Report by UNHCR | View original

More than 900,000 Rohingya refugees living across 34 camps in Cox’s Bazar faced a multitude of challenges in 2021 including devastating fires, flooding, the spread of COVID-19 and the strict lockdowns, as well as a number of serious security incidents.

In the final quarter of the year, UNHCR worked to further strengthen emergency preparedness and response for disasters, including training of refugees and partners, and enhancing equipment in the camps.

COVID-19 lockdown measures continued to be lifted. Learning centres for children, safe spaces and other facilities used by vulnerable groups reopened. As of end 2021, 582 UNHCR-run learning centres had reopened reaching some 38,000 children in 16 camps. UNHCR continues to advocate for access to education for all refugee children.

Following strong advocacy, the Government included refugees in the nationwide COVID-19 vaccination campaign, some 420,000 refugees aged 18 and over are eligible.


  • UNHCR and partners modified and operationalized 14 three-wheeler vehicles and equipped them with water pumps and fire extinguishers to bolster fire equipment in the camps. An additional 20 vehicles are in process of being modified. In December, 90 refugee volunteers were trained on fire safety, 100 on search and rescue, and 125 on first aid, as part of series of emergency response trainings conducted by UNHCR and partners. Humanitarian actors continue to focus on disaster preparedness and response after extensive flooding and devastating fires marked 2021. Fires in the Rohingya refugee camps are particularly severe due to overcrowding, poor infrastructure and use of flammable materials for shelters (bamboo and tarpaulin). The dry season between October to June increases the occurrence of fires.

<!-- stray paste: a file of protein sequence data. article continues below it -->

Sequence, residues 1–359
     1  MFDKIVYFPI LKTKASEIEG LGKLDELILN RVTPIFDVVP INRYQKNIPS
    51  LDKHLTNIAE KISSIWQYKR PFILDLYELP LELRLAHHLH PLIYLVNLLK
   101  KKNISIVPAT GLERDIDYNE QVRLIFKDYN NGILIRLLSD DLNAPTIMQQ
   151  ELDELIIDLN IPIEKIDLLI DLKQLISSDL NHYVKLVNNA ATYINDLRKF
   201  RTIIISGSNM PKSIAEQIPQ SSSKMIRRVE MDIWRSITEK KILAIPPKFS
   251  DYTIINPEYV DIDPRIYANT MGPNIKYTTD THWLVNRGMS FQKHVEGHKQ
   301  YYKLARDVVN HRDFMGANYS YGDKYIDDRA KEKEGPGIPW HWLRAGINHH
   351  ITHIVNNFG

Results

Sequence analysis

• COVID-19 vaccination continued in the camps and over 300,000 refugees received their first dose of the vaccine, while 33,386 their second dose, as part of a campaign to vaccinate all refugees aged 18 and above. The prevalence of COVID-19 in the camps remained low, with 3,308 positive cases and 34 deaths since March 2020. On Bhasan Char 5,541 refugees received their first dose of the vaccine; a six-day campaign started on 28 December to vaccinate all refugees on the island aged 18 and above (7,129).
  • UNHCR handed over the management of the first Intensive Care Unit (ICU) in Cox’s Bazar to the Sadar District Hospital. The ICU treated 1,137 patients since it opened in June 2020, mostly Bangladeshi citizens residing in Cox’s Bazar district and nearby areas (80%). Rohingya refugees are also referred to the facility from the camps.
    Global Acute Malnutrition (GAM) increased by 13.7% among children 6-59 months since 2020, with malnutrition classified as “serious”, according to the yearly Standard Expanded Nutrition Survey (SENS) conducted across the camps to determine the health and nutrition status of refugees. The outcomes of the survey will support programming by UNHCR, WFP and other humanitarian actors in 2022 to respond to the health and nutrition needs of refugee children.
    Over 900 refugee community activists, leaders, and health actors, including 400 women, completed the second phase of training for ‘SASA! Together’, a project seeking to instigate proactive roles among participants in preventing violence against women in the camps.
  • Activities marking the annual ‘16 Days of Activism Against Gender Based Violence’ campaign took place across the camps to engage communities in awareness raising, dialogue and capacity building. This year the campaign’s focus was on collective responsibility to end GBV. Over 2,700 refugees took part in UNHCR’s activities including visual art competitions, cultural events, cooking sessions and discussions.
  • 159 Lightning Protection Systems were installed across the camps, a safety measure against lightning strikes as Bangladesh is a high-risk area in South East Asia. Four refugees were killed by lightning in Cox’s Bazar in 2021.
    The construction of three depots for safe storage and distribution of Liquid Petroleum Gas (LPG) cylinders, in line with government regulations, was completed in Camps 1E, 4, and 5. Since September 2018, UNHCR and IOM, with partners, have been distributing LPG as sustainable and clean cooking energy to all-refugee households, it has become the primary cooking fuel in the camps.